JACKSONVILLE – Let's get to it …
Vince from St Augustine, FL
For the past few years, after watching a Jags game, I felt embarrassed and depressed. So far this year, I've felt happy twice – and disappointed and frustrated four times. I consider that an improvement.
I understand fans being depressed when their teams lose – and while I never have quite understood fans being embarrassed by a team's performance, enough Jaguars fans have expressed that feeling here in the O-Zone that I suppose it's indeed "a thing." Either way, your assessment of the 2022 season makes sense if you're looking at the Jaguars from a long-term perspective. They have led in all six games this season. They have led by at least eight points in five of six games. They have scored 20 or more points in five of six games. They have led in the second half of five games. They have looked really, really impressive twice and just barely lost three times. None of those things make losing less disappointing and frustrating, but all absolutely represent significant improvement from where this franchise was the past two seasons. Losing in the short-term sucks. It's frustrating. If it wasn't frustrating or disappointing, then the winning wouldn't matter so much – and it sure wouldn't feel as good. But there's little question this team's closer. Now it must make plays late to turn frustration into fun. That's what must come next.
Greg from Section 122, Jacksonville
Given the talent we are getting ready to face (Giants 5-1), do you see us beginning a spiral? Seems this happens once we get a good losing streak under our belt.
I don't necessarily believe the Jaguars will lose Sunday. While I expect the Giants will win because they have proven to be good in late-game situations and the Jaguars have yet to do so, there are plenty of scenarios in which I can see the Jaguars winning. Either way, I don't see the Jaguars "spiraling" this season. This team has been in every game. They have played well offensively most games. They have played well enough on both sides to have a chance late in all four losses. They seem to believe in Head Coach Doug Pederson and the direction of the franchise. It doesn't feel like that effort, focus and/or level of play will suddenly go away because of one more loss – if that loss even happens.
Dean from Rochester, NY
The only games we have won this season was while I was in Hawaii. The key to future wins is obvious. Khan needs to send me for the rest of the season. Make it happen, for the team.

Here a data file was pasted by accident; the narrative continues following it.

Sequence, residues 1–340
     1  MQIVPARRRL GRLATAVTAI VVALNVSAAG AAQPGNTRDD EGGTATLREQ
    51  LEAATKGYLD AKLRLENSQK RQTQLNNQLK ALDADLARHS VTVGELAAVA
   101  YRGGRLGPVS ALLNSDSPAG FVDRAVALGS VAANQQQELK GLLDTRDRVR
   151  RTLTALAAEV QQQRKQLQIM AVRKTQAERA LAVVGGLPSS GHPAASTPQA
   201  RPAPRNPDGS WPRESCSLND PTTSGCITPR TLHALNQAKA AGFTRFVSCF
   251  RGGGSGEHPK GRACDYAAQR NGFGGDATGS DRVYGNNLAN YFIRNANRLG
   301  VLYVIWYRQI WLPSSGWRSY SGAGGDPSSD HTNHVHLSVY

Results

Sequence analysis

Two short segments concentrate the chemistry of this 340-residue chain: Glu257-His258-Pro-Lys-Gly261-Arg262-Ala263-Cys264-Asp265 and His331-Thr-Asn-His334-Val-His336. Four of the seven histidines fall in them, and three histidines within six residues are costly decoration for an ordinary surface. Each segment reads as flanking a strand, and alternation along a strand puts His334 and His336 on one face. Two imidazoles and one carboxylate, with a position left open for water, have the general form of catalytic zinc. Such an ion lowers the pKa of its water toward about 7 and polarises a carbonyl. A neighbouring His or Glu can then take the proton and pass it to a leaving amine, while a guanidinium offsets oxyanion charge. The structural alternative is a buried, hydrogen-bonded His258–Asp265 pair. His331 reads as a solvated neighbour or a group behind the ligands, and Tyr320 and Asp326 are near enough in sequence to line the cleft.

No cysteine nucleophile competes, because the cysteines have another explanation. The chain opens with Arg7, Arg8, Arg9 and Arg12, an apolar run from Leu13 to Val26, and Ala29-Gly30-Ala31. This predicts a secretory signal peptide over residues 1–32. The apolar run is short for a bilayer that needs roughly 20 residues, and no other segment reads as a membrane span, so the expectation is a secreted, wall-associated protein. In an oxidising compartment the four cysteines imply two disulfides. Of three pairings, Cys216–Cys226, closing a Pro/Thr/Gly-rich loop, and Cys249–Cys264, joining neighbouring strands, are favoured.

You didn't have to go to Maui to be treated like a jerk.
Bill from Palm Beach Gardens, FL
I think the biggest concern isn't Jaguars quarterback Trevor Lawrence but rather the inability of Josh Allen and Travon Walker to get to the quarterback. What's your assessment of the pash rush so far?
It hasn't been good enough. The Jaguars have 10 sacks in six games, with five of those sacks in Week 2 against a Colts offensive line that was struggling at the time. It didn't struggle as much Sunday. Quarterback Matt Ryan getting the ball out quickly helped that, too. But overall, the Jaguars have been in enough obvious pass-rush situations that it's fair to expect more than 10 sacks.
MrMakersMark from E 3rd
O - I was always curious why defensive backs would let their mouthpiece dangle from their helmet (because it is required by the NFL), but do they need to "jaw" so much they need it out? Learn how to trash talk with it in and it will protect your teeth and that weird time when the running back uses it to guide your head away from them!
P FunkfromMurray Hill
Trying to think this out. We are aggressive on fourth down when the situation makes sense. I'm not opposed to that. In fact, I like what it can do build confidence. So, we want to keep the drive going but our red-zone offense is struggling. Our losses have been one-score games. So, taking a field goal (given that they are made) on those fourth downs would give us a better shot to win. I guess I'm asking if the trust in the offense as whole outweighs the trust in our kicker who we targeted in the preseason?